Vail Daily column: Take a stand for teachers
This week is national Thank a Teacher Week. Toward that end, I hope you’ll join me in taking a moment to reach out and find a teacher who made a difference in your life, or the lives of your children and recognize them for their service and commitment. I’d venture everyone had some professional educator who had a profound impact on them and who inspired each of us to be and do more than we thought we were capable.
Across the country, articles and columns just like this one are appearing. Some urge readers to follow through on the name of the week and “thank a teacher,” as I have. Others take a more personal turn, recounting an educator who had a meaningful impact on the writer.
I’d like to take it a bit further and ask you to do more than just “thank” a teacher — instead, I’d like you to take a stand for them and for this noble profession.
Don’t get me wrong — expressing appreciation for our professional educators is great and we should be doing more of that! Those educators working hard with our kids every day need some encouragement and a pat on the back. For those that feel inspired, a tray of cupcakes or some gourmet coffee dropped off at the faculty lounge would be greatly appreciated, I’m sure!
But in addition to a word of praise on Facebook or an email to a former educator who made an impact, I wonder if each person reading this can make a personal commitment to support and stand up for our professional educators. What our teachers need is someone to have their back.
So, I challenge you. Commit to take a stand on behalf of teachers and the teaching profession. Specifically, this means the following.
• Commit to talking to others about the service aspect of teaching. No one goes into this field to get rich — educators go into it to serve families and kids, to help shape dreams and turn them into a reality.
• Commit to fighting for more resources for teachers. Relatively low salaries (especially for college educated professionals), large class sizes, lacking curricular and technological resources — these things are the norm (not the exception) for our teachers. It is true, money can’t solve all of our problems; but it can solve a bunch of them.
• Commit to set straight those who run down the teaching profession and public schools. Public education is an institution with roots deep within the writing and thinking of the founding fathers. This country (with the most resilient and stable economy, the most powerful military and the most successful democracy in the history of earth) is populated and driven by talented citizens, 91 percent of whom were educated in our public schools. Fiercely defend this institution from its detractors.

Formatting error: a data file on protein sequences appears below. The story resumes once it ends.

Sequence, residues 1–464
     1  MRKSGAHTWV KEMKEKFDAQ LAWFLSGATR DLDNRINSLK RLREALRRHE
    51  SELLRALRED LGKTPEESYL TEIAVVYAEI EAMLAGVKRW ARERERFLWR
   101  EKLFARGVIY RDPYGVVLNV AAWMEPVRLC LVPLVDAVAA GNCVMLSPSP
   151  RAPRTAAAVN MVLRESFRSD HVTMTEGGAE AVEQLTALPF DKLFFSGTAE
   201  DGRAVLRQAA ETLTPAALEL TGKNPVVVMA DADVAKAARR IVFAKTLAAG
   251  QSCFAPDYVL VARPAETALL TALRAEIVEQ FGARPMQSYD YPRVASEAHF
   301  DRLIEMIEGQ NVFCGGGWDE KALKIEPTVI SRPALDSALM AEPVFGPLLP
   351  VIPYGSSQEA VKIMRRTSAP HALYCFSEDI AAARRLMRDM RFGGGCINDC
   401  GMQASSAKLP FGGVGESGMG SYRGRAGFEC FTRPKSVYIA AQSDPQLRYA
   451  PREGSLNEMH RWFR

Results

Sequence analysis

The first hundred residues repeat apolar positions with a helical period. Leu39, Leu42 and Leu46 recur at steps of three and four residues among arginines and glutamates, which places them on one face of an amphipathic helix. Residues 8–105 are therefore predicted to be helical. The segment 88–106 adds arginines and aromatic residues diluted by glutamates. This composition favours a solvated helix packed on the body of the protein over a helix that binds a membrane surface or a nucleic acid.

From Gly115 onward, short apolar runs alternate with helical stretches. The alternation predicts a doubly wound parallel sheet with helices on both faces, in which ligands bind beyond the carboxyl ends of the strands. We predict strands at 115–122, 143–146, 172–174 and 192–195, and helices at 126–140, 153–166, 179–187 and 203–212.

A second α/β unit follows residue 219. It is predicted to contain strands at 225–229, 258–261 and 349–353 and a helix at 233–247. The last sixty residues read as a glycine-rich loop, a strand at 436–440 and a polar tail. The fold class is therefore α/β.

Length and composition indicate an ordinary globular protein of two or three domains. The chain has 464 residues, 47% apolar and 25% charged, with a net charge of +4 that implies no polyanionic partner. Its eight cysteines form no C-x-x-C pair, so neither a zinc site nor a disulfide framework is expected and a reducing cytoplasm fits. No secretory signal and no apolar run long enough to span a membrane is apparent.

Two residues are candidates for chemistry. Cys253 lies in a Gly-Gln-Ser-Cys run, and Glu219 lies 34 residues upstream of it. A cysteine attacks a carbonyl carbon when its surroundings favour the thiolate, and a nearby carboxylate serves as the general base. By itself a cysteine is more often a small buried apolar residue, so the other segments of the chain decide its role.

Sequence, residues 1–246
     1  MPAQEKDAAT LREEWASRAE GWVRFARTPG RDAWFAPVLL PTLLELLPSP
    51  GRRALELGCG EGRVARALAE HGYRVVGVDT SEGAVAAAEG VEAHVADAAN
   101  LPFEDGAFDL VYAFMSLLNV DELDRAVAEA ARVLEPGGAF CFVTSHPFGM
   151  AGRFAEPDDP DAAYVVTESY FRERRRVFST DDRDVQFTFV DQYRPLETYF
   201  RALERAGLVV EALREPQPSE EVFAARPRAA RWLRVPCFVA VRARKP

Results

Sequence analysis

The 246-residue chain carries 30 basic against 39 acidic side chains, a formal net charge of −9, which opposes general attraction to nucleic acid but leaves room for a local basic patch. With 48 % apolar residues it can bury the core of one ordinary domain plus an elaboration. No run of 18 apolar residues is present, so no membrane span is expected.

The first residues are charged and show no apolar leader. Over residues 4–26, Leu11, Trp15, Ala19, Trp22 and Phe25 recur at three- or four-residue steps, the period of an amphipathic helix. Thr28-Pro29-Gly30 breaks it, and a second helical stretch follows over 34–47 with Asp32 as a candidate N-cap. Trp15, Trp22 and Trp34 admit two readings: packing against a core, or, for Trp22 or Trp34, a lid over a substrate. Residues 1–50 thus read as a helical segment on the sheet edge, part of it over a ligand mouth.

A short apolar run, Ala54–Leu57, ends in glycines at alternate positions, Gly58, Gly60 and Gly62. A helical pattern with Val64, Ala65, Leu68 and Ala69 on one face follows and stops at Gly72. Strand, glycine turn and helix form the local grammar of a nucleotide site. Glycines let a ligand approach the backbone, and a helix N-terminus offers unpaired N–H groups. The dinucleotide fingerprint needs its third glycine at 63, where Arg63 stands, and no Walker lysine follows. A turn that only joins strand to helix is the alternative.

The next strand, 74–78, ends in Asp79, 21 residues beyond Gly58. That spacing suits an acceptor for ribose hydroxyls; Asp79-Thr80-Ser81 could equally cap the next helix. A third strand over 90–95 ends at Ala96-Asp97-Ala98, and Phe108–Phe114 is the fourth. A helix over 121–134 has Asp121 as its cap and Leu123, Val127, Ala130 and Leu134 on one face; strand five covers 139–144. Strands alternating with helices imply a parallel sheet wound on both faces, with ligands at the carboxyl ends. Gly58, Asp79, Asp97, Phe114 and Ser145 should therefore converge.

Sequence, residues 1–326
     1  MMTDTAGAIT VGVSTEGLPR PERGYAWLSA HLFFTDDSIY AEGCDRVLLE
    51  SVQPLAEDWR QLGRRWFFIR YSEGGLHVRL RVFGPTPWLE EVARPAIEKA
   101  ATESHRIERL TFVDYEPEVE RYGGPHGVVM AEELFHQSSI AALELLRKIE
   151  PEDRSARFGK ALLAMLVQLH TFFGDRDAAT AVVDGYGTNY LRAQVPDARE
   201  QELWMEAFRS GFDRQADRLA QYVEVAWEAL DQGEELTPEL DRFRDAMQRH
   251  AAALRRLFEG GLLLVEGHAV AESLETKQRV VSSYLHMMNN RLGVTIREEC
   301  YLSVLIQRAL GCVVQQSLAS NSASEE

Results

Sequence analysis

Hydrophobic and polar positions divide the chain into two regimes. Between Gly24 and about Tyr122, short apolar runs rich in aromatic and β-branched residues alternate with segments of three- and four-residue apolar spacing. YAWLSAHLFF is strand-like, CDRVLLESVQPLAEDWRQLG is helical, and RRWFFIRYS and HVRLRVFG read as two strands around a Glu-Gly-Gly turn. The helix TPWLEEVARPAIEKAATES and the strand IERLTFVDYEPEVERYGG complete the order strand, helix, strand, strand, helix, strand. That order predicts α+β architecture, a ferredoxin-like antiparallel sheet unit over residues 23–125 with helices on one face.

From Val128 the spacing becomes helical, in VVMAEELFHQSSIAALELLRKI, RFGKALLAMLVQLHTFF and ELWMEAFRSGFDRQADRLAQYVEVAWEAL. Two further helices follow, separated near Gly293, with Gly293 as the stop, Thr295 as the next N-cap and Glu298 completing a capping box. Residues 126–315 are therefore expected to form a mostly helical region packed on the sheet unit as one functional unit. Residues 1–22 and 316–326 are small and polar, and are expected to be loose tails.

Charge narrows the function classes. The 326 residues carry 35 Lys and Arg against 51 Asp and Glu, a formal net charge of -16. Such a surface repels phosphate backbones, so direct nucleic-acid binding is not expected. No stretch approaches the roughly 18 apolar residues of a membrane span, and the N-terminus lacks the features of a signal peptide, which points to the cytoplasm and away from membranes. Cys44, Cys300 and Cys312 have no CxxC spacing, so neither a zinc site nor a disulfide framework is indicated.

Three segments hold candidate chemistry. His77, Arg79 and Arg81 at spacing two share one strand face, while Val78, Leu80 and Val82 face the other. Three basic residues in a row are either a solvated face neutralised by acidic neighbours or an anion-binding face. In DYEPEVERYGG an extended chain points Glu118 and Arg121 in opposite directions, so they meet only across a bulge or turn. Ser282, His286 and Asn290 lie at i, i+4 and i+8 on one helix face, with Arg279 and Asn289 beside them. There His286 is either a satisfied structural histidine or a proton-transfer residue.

• Commit to setting straight those who presume to know how teachers should teach and how schools should be run, using the fact that they went to school as their pedigree. Teaching is difficult, iterative, detailed and complex work that is simultaneously exhausting and exhilarating. Challenge the know-it-all critic to go visit their community school and see what a professional teacher actually does, the challenges they face and the joys that make it all worth the effort.
• Commit to being skeptical about education “reforms” advanced by politicians, a few corporations and ideological “think-tanks.” Our democracy is a free market of ideas and everyone can bring something to the table. But I can tell you that the agendas brought forth by these groups create gigantic distractions that have little to do with the micro-level work of teaching and learning. It is virtuous to listen; it is even more so to be critical.
So, on this occasion to “thank a teacher,” do that! They will appreciate it, remember it and it might be just the thing that keeps that weary teacher going. But, for those who have the courage, commit to the bigger challenge. A pat on the back is appreciated. But someone having your back is a whole other level of commitment.
Jason E. Glass is the superintendent of Eagle County Schools. He can be reached at firstname.lastname@example.org.
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